Natural Area Preserves: Coastal Virginia to the Middle Peninsula

by Casey Higgins | Posted: Jul 20, 2015 | Updated: Jul 24, 2015

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Delicate habitats are to be treasured, not trampled on, and only 21 Virginia Natural Area Preserves offer public access. Tread lightly, leave nothing, and take only photos as memories.

This, the second of a four-part series (see part one), suggests ways to experience four publicly accessible Natural Area Preserves from Virginia Beach in Coastal Virginia to Port Haywood on the Middle Peninsula. See the orange pins on the map below.

Permitted activities while visiting these preserves are hiking, canoeing, kayaking, photography, and wildlife watching. Camping, fires, horses, bikes, ATVs and any other vehicles are prohibited. Pets must be leashed at all times.

 

NORTH LANDING RIVER —

3,441 acres. Virginia Beach. Virginia’s first and largest Natural Area Preserve comprised of tidal marshes, cypress swamps, pocosins, and Atlantic white cedar forests.

For You: A half-mile trail with elevated boardwalks leads through swamp forest while a canoe launch gives access to the water trail.
Watch For: Butterflies, a huge variety of reptiles and amphibians, and Atlantic white cedar.
Note from the Virginia Department of Conservation and Recreation: This Preserve, closed for the last decade due to illegal activities and DCR’s lack of funding to support site management staff, is scheduled for re-opening during fall of 2015. (more)

As you move along the route (see map below) to the next preserve, you may be seeking something to eat or a place to stay. If so, here are a few suggestions:

Hilton Garden Inn Suffolk Riverfront

Hilton Garden Inn Suffolk Riverfront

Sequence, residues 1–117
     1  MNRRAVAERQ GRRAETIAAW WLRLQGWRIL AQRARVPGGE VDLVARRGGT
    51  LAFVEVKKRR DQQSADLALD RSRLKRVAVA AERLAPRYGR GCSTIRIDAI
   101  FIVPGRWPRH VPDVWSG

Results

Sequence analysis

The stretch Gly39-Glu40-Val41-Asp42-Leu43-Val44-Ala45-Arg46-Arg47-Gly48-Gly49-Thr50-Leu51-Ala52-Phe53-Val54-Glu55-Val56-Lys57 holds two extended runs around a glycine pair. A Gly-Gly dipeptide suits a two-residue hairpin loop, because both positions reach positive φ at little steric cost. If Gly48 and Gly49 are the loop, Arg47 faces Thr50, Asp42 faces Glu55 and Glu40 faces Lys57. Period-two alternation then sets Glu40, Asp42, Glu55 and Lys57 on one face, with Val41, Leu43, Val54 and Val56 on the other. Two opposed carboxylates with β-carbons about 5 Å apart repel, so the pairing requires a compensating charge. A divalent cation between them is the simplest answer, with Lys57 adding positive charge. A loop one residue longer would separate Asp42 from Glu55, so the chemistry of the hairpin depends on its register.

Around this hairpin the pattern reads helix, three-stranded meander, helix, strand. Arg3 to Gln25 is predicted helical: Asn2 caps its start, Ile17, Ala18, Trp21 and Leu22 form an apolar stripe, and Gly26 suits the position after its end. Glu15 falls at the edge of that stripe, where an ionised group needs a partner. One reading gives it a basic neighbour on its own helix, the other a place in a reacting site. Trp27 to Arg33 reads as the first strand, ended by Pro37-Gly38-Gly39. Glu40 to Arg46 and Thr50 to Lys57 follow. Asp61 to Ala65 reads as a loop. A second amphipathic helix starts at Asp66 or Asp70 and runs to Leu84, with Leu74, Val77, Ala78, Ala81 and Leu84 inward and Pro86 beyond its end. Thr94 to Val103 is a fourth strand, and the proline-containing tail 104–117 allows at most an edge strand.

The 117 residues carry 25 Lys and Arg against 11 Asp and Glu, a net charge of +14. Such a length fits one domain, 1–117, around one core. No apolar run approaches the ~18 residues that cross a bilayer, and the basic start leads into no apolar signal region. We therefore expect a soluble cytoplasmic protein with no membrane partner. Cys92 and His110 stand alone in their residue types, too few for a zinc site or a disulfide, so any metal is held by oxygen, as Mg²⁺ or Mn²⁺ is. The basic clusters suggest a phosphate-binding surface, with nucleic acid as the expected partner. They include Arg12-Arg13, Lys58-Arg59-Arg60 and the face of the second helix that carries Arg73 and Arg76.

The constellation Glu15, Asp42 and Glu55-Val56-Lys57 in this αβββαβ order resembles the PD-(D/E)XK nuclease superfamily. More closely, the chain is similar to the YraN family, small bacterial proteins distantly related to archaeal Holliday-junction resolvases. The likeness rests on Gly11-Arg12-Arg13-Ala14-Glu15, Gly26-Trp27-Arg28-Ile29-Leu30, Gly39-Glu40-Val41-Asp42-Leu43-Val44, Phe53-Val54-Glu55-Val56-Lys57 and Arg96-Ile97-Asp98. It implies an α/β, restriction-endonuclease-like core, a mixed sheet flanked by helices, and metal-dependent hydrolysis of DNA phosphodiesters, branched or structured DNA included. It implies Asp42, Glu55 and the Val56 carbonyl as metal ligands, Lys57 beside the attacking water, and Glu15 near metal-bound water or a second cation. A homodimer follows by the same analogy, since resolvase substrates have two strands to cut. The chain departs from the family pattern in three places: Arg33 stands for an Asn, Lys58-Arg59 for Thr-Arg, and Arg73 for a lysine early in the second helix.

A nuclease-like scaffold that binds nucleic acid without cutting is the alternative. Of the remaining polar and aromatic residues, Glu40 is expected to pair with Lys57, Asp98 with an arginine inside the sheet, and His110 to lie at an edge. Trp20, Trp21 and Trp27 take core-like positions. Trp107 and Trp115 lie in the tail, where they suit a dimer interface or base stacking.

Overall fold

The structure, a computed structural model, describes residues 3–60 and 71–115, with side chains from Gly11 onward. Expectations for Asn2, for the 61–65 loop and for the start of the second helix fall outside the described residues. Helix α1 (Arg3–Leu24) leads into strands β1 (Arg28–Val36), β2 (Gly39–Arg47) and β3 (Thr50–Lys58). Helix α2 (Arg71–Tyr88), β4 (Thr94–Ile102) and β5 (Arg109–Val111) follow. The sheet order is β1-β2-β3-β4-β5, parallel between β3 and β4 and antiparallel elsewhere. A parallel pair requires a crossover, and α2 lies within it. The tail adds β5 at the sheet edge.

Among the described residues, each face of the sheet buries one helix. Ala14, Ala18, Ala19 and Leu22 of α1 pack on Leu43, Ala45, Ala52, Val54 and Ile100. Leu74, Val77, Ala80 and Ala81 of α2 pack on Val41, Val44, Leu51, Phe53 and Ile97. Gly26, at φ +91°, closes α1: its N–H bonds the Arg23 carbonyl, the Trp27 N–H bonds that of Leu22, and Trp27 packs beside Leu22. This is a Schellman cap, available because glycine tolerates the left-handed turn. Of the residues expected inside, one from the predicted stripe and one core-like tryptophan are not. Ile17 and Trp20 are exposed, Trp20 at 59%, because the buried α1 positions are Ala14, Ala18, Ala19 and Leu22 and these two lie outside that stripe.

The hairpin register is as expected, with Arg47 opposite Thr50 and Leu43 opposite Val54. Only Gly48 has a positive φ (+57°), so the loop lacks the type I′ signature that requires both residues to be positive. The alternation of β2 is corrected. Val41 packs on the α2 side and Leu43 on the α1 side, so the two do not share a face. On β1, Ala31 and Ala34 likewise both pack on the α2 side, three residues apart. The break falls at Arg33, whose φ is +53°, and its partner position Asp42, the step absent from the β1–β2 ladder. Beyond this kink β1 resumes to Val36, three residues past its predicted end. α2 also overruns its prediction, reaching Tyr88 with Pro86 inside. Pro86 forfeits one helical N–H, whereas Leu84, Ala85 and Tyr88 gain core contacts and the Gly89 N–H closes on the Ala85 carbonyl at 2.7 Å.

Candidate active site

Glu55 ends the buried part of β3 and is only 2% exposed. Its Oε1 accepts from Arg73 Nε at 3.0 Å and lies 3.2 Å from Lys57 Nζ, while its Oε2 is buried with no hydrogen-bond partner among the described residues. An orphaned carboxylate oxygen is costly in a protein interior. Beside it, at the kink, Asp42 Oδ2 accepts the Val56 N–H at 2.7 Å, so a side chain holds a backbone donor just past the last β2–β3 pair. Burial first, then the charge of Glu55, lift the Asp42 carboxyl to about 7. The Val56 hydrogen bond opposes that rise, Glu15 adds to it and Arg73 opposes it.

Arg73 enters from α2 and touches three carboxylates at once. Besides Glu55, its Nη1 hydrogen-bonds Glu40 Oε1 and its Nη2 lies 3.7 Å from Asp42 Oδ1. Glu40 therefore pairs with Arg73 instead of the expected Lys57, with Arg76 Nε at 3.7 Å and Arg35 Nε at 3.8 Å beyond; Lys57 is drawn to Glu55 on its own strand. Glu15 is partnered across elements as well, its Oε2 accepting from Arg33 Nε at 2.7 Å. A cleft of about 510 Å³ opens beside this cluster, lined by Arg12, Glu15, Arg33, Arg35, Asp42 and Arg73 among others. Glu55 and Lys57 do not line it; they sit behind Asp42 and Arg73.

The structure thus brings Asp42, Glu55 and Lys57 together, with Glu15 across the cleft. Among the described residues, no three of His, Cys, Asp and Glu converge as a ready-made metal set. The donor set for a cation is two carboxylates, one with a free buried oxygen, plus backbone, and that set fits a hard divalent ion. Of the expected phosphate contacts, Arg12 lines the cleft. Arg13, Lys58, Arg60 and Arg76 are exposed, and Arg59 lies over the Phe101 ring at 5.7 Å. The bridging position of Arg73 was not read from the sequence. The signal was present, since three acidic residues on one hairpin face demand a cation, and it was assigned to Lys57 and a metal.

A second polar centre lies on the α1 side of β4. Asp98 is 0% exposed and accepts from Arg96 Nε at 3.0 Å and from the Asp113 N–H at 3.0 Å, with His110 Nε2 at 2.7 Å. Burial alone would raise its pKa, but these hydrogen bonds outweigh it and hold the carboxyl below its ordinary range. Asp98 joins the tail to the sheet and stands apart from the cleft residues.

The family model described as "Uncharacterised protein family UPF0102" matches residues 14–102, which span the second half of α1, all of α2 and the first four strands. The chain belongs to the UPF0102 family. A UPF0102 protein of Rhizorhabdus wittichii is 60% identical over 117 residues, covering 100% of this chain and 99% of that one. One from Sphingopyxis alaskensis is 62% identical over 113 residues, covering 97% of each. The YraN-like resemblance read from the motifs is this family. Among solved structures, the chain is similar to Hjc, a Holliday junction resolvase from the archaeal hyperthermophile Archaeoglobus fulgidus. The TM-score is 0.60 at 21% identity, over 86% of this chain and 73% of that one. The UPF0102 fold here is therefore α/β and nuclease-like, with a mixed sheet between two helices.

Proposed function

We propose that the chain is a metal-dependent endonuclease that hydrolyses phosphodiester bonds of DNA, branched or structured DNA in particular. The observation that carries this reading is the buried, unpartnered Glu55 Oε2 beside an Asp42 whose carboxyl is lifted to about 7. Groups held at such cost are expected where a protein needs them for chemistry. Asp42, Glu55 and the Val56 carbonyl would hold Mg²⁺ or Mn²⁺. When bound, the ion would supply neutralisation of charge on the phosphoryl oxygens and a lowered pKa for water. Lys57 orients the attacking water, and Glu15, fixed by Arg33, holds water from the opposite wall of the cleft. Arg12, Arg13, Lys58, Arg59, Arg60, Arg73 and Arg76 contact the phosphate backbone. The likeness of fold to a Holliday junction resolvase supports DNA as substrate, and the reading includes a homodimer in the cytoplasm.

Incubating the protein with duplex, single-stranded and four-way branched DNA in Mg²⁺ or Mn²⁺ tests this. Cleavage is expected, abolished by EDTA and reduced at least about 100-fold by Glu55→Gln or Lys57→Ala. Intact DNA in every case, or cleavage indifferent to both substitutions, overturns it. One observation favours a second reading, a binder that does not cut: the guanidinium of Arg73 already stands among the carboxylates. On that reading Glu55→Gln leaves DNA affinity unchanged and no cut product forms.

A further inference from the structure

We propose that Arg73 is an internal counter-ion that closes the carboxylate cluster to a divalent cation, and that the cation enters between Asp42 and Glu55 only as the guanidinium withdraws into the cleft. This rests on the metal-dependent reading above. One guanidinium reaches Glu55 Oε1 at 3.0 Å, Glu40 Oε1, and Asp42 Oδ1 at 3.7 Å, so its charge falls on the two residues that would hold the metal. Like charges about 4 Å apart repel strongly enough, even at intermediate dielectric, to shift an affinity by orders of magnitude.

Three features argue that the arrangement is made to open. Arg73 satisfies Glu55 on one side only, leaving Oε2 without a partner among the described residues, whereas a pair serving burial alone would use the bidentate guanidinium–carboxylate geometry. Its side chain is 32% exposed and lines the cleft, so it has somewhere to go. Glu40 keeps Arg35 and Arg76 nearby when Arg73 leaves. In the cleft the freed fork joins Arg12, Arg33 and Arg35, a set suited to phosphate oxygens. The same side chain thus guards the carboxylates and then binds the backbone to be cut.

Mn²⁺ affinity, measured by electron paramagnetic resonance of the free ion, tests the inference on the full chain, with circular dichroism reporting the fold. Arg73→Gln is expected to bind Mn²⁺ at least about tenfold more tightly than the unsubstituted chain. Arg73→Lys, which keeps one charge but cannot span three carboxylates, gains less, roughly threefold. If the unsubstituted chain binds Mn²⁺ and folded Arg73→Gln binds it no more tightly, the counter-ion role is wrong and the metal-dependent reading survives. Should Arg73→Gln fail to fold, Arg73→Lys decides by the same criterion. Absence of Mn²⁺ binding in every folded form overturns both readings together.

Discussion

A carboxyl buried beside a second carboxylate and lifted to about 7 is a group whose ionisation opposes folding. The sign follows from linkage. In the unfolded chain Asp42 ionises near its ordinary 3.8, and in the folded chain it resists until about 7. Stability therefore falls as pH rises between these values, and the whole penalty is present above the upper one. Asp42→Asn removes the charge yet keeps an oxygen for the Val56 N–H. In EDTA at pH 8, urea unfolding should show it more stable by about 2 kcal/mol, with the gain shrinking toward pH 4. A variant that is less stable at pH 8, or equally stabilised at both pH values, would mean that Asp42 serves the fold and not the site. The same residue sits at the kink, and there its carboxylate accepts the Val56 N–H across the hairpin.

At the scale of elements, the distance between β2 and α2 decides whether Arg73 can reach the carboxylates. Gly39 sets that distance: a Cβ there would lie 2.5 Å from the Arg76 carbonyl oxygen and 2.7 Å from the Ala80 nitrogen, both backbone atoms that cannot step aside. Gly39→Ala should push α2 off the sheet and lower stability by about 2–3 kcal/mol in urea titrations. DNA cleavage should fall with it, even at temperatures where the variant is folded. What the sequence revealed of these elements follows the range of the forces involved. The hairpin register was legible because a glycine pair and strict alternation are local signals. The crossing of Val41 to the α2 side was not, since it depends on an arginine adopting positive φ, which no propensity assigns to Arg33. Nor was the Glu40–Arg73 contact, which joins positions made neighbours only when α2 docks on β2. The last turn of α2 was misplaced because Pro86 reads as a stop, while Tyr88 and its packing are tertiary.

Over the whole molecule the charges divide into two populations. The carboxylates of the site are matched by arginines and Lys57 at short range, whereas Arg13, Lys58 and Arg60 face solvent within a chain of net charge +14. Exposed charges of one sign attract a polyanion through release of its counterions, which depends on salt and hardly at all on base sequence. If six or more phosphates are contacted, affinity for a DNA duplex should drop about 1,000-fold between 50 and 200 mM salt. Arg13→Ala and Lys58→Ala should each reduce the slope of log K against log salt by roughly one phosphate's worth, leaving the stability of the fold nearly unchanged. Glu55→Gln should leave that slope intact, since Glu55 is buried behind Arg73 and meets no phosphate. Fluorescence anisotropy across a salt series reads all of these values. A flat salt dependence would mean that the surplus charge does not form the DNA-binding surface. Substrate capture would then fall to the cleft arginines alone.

CHUB SANDHILL

1,066 acres. On the Nottoway River in Sussex County. Coastal plain habitat, including cypress swamps and sandy uplands.

For You: A little more than one mile of walking trails and several miles of sand roads highlight the restored native longleaf pine and scrub oak areas. (guide)
Watch For:  Rare golden puccoon, prothonotary warblers, damselflies, wood ducks, flycatchers, and rare dwarf waterdog salamander.

When you’re ready to continue on, here are places to stay and eat along the route (or not too far off of it). Note, this route features the Jamestown-Scotland Ferry:

 

CUMBERLAND MARSH

1,193 acres. On the Pamunkey River in New Kent County. The world’s largest population of the rare plant sensitive joint-vetch can be found here.

For You: Easy to moderate, 1.5 miles of trails run along a tidal creek and through upland forests. A wheelchair accessible boardwalk and tidal freshwater march observation deck allow all to experience Cumberland Marsh.
Watch For: Bald eagles and other species, including migratory songbirds and waterfowl.
Note: Cumberland Marsh is owned and managed by The Nature Conservancy in partnership with the Virginia Department of Conservation and Recreation. Visitation is limited to Saturdays and Sunday, dawn to dusk. Woodland trails are closed November through January.

Continuing east to the Middle Peninsula and to the final preserve, these places to eat and sleep are along the route:

 The Inn at Tabbs Creek

The Inn at Tabbs Creek

 

BETHEL BEACH NATURAL AREA PRESERVE

105 acres. This preserve along the Chesapeake Bay is home to the federally threatened northeastern beach tiger beetle.

For You: The beach! Tread lightly here by following these rules: no digging in the sand (by children, dogs, etc.), and “leave no trace” practices are a priority.
Watch For: More than 185 species of birds have been seen at Bethel Beach, as well as the northeaster beach tiger beetle.
Note: This preserve is open sunrise to sunset, but portions may be closed during nesting season.

 Bethel Beach Natural Area Preserve

Bethel Beach Natural Area Preserve

 

NEW POINT COMFORT

105 acres. On the Chesapeake Bay and a primary stopover point on the Atlantic Flyway.

For You: A wheelchair accessible boardwalk and observation deck offer a view of the salt marsh and the historic New Point Comfort Lighthouse.
Watch For: Fiddler crabs, migratory new-tropical songbirds, waterfowl, and the seaside dragonlet, Virginia’s only saltwater dragonfly.
Note: New Point Comforat is owned and managed by The Nature Conservancy in partnership with the Virginia Department of Conservation and Recreation.

 

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